Like a dream come true! Music photographer Kevin Mazur opened up to Us Weekly about what it was like to take a trip to Prince’s Paisley Park home in Chanhassen, Minnesota.
“It was amazing,” the founder of WireImage says. “For me, being a fan and a music lover, it was like a kid going to Disneyland. I was in awe.”
Mazur, who shot Prince multiple times from the 1980s onward, was the first photographer allowed to visit and photograph Paisley Park, the singer’s 55,000-square-foot compound that included his home and recording studio.
“They had me photograph his costumes, and they were like, ‘What costumes do you want to photograph?’” Mazur tells Us. “All of them were hanging there in this giant closet. The only one that wasn’t there was the Purple Rain outfit, because I think that was on display somewhere in an exhibit. But I was like, ‘Give me the raspberry beret!’ and this and that, and they were taking them all out for me and putting them on mannequins.”
Mazur also visited the famed Foo Foo Room where the Purple One kept all of his awards as well as a secret vault. “The vault where he kept his master tapes was in that room,” he explained. “The vault was pretty cool. It had this big purple face on it that was really unique. I’ve never seen anything like it. And then at one end of the hallway, they had the Purple Rain motorcycle.”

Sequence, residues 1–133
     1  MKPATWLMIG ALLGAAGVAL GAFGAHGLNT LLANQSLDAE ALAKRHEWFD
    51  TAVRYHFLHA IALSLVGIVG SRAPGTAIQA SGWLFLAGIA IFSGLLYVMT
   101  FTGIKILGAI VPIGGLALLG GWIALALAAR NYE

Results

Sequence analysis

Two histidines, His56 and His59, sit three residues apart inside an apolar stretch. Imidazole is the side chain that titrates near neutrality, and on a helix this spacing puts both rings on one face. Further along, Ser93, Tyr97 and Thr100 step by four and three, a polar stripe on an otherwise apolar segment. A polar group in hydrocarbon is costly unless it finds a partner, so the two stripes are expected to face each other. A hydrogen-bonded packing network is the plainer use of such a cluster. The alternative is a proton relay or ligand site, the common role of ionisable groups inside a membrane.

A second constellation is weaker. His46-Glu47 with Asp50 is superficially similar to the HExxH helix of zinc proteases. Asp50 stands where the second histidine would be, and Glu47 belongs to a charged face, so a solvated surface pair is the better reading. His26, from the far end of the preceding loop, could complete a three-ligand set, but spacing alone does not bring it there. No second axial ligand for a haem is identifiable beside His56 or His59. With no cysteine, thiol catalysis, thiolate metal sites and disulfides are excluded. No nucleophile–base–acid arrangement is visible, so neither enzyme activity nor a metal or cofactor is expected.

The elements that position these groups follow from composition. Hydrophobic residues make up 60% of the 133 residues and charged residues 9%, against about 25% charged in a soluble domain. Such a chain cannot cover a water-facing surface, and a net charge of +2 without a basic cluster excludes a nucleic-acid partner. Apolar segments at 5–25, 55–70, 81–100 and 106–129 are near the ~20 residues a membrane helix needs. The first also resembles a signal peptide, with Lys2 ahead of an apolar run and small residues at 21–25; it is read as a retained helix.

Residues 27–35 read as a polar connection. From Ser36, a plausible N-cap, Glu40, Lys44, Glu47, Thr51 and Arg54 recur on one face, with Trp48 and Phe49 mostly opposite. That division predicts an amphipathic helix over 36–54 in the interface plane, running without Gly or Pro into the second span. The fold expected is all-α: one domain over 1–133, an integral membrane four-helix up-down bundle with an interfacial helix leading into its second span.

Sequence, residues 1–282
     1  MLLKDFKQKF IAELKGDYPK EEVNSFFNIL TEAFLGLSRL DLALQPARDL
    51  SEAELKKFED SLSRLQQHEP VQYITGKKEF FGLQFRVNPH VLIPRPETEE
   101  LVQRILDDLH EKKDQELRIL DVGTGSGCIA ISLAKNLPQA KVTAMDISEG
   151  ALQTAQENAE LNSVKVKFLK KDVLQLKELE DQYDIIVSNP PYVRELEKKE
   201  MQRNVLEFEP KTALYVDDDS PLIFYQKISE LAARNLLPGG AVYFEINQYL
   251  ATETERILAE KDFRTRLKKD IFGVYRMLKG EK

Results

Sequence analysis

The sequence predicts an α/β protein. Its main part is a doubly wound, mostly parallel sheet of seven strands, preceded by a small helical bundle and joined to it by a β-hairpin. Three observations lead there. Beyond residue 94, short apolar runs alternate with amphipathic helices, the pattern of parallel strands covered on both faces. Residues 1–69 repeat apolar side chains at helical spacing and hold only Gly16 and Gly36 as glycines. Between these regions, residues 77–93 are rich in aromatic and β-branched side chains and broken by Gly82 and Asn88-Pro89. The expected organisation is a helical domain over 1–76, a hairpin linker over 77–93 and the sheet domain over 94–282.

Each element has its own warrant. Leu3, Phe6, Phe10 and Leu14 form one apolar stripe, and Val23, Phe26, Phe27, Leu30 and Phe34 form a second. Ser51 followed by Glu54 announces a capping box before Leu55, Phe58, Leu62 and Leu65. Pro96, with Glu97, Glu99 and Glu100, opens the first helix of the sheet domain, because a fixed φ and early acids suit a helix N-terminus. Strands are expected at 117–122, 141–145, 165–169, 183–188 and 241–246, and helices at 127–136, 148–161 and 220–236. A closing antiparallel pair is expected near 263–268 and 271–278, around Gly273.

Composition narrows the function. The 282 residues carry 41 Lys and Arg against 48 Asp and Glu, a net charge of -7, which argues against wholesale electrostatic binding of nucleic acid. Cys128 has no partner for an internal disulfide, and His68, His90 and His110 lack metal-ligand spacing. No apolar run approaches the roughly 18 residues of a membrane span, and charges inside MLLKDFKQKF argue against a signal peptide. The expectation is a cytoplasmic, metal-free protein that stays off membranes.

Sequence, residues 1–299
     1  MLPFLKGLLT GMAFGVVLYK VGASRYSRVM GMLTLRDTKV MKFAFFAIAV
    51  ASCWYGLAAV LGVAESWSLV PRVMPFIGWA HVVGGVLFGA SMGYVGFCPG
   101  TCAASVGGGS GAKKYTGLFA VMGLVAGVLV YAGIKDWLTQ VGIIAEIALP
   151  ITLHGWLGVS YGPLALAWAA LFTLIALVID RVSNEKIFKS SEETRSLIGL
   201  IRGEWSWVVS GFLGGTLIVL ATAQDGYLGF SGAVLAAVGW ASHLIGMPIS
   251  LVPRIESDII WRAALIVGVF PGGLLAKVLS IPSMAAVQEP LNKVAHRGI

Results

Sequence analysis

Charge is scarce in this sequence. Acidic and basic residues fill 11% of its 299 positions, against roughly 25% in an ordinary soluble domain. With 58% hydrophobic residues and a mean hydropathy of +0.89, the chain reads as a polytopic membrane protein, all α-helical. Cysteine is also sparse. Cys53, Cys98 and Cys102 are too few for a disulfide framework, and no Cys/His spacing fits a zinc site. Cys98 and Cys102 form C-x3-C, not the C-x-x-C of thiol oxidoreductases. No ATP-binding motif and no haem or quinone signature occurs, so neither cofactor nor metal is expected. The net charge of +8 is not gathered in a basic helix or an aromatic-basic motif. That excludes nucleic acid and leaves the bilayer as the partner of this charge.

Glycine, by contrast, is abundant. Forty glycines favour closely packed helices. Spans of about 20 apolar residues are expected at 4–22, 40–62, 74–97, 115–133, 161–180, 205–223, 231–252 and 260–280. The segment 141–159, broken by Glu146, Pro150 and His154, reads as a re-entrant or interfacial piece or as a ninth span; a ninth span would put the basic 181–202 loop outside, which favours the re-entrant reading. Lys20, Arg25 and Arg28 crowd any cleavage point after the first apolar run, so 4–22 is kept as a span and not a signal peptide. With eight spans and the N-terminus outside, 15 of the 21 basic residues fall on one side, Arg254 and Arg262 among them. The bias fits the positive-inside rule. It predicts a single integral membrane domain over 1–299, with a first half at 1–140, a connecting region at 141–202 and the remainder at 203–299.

The famed photojournalist, who has photographed countless artists including Michael Jackson, Lady Gaga and the Rolling Stones, was also a frequent guest at Prince’s parties in Los Angeles, and even took his wife to the entertainer’s house on one of their first dates.
“We had a great working relationship and I considered him a friend,” he said. “I respected him so much and I think he respected me. He knew I looked out for him. I’d always see him at an awards show and ask if I could take pictures, and if he said no, we’d just hang out and talk and he’d ask how I was. I was in a bad car accident and he’d always remember and ask how I was doing from that. He was genuinely a great guy.”
Mazur tells Us that the “When Doves Cry” singer was the “most photogenic artist I’ve ever photographed.”
“Every moment of his that you captured on film was like no other,” he adds. “He was so unique. There will never be another Prince. There was only one Prince! You can’t even compare him to anybody else.”
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